Kyle Busch had a weekend for the ages at Bristol Motor Speedway. By sweeping the Truck Series, Nationwide, and Nextel Cup races, Busch became the first driver in NASCAR history to win all three major series races at the same track in the same week. His recent success at the high-banked, super-fast half mile continues a Bristol legacy of dominance by one driver.
While the three wins at one track is a milestone, some perspective is in order. The legendary drivers who mastered Thunder Valley in the past never had the opportunity to win three major races in a week, because there never were three major races held in one week. The Camping World Truck Series only began in the 1990's, so Cale Yarborough and Darrel Waltrip, the half-mile masters of the 70's and 80's respectively, could not have won three major races on as many nights. Waltrip won seven straight Cup races beginning in 1981, so there is little doubt that he would have prevailed if they were racing wheelbarrows or bicycles in his era.
Rusty Wallace was the big dog at Bristol beginning with his first Cup victory in 1986. Wallace notched eight wins over several years, even with different race teams. Dale Earnhardt Sr. and Mark Martin also saw success in the 90's, giving way to Jeff Gordon and Kyle Busch's older brother Kurt at the turn of the century.
As with most events involving Kyle Busch, the unprecedented sweep was not without controversy. Busch's victory in the Nationwide Series race on Friday came at the expense of rival Brad Keselowski, who is on probation for earlier incidents with Carl Edwards and thus could not respond in kind to being (admittedly) "dumped" by Busch. The wreck led to speculation that Keselowski would pay Busch back in the Nextel Cup race, and caused Keselowski to announce in Saturday driver introductions that "Kyle Busch is an ass."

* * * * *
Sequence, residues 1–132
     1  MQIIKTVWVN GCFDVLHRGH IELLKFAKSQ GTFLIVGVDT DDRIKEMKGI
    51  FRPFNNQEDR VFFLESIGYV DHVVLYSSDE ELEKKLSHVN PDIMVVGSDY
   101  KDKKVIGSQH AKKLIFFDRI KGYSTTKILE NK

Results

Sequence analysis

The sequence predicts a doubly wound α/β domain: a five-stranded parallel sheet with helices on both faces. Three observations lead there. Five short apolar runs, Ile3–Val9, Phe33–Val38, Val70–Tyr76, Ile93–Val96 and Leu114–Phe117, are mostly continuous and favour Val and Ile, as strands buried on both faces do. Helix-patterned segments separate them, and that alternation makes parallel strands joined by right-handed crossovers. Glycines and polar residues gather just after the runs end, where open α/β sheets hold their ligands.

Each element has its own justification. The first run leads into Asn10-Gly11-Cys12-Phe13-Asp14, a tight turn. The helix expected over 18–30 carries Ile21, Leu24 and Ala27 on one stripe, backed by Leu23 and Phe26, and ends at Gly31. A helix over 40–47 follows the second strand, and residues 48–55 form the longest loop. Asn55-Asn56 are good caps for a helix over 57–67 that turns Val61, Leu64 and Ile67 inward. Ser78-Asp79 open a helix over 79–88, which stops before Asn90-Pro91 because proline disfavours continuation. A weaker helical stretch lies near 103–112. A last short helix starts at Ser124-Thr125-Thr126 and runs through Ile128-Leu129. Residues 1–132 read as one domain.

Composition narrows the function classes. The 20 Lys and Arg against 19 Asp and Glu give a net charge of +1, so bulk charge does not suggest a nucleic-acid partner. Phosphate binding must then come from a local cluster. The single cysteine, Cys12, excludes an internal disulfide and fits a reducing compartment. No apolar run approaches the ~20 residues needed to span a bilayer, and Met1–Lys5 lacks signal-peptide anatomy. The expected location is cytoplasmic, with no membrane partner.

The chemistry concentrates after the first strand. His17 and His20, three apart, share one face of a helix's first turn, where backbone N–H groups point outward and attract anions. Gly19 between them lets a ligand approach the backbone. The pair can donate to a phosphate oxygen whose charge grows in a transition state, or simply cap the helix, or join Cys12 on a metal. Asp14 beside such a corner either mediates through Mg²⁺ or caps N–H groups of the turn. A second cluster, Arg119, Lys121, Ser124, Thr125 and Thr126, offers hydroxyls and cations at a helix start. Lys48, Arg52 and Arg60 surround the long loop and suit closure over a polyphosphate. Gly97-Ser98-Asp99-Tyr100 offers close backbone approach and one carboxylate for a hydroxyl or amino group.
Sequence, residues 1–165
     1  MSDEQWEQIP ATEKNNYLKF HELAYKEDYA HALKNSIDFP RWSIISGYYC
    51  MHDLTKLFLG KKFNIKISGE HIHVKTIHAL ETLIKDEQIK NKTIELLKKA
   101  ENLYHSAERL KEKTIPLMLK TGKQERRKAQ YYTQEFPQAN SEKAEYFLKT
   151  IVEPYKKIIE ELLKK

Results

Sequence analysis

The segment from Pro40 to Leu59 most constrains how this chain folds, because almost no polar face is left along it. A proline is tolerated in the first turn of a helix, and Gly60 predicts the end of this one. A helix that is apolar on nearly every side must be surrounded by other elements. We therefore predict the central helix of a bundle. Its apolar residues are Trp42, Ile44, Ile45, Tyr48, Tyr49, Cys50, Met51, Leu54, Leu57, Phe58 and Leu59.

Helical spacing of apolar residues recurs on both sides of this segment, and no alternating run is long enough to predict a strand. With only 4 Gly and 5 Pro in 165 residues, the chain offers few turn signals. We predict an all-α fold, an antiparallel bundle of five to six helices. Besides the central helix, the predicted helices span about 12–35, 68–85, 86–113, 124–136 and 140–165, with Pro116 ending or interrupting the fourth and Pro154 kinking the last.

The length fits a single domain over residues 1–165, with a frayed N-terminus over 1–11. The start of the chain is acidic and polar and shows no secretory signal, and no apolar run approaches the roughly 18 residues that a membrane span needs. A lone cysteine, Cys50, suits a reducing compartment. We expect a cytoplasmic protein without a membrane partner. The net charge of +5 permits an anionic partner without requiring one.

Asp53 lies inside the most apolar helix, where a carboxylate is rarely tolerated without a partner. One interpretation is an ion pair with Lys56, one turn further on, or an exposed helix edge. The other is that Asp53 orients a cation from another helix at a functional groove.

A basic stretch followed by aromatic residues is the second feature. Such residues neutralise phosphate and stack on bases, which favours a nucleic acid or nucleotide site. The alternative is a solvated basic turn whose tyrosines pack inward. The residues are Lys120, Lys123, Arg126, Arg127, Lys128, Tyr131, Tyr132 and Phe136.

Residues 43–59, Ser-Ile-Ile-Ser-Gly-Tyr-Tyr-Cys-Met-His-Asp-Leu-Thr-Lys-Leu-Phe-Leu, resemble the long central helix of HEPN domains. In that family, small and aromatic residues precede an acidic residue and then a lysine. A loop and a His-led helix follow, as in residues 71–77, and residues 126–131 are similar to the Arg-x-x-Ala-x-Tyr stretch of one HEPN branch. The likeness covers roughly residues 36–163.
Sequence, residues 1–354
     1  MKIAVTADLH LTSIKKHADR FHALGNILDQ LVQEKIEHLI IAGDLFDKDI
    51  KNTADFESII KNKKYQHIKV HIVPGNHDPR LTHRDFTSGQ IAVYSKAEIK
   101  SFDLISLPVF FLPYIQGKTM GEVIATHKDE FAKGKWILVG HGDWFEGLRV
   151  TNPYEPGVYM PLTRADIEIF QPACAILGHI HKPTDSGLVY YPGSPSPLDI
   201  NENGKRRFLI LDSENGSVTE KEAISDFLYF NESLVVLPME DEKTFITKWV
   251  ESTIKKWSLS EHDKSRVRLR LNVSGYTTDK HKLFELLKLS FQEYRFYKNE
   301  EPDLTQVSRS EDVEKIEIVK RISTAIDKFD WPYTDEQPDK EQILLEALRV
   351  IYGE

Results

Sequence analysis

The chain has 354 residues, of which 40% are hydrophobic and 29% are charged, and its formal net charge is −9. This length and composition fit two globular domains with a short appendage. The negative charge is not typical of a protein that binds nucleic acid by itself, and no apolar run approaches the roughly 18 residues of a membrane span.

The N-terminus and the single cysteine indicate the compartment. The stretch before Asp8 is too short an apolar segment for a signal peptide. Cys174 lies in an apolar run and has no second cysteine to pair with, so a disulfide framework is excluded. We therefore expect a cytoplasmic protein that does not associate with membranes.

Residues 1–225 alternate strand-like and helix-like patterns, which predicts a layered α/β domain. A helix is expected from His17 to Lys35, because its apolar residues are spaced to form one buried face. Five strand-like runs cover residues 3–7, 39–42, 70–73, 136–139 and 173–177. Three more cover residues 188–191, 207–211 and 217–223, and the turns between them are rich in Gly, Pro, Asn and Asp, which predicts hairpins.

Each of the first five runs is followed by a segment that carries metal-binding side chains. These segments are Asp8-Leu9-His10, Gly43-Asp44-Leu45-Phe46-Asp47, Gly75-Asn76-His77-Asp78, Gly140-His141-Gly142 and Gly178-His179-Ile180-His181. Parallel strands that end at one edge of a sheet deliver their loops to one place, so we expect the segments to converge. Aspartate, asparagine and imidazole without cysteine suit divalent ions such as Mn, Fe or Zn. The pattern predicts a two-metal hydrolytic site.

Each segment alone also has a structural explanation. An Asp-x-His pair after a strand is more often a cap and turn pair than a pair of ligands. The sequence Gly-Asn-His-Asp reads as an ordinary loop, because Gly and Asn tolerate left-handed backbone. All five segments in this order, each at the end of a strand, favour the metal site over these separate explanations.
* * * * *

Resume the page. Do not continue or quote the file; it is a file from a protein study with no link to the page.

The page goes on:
So with the hype machine in full throttle, including a suggestion from ESPN/ABC analyst and former Cup champion Dale Jarrett that Keselowski "punch him (Kyle Busch) in the nose," Saturday's race audience was primed for the type of slam-bang action that made Bristol famous before the track was reconfigured.
It was not to be, as Kyle Busch dominated on the now much wider, multi-grooved concrete surface. Ironically, what would be considered close, exciting side-by-side racing at most tracks is actually disappointing to fans of the old bump-and-run Bristol. At the end of the night, two facts clearly stood out: It's not your father's Bristol anymore, and Kyle Busch owns it.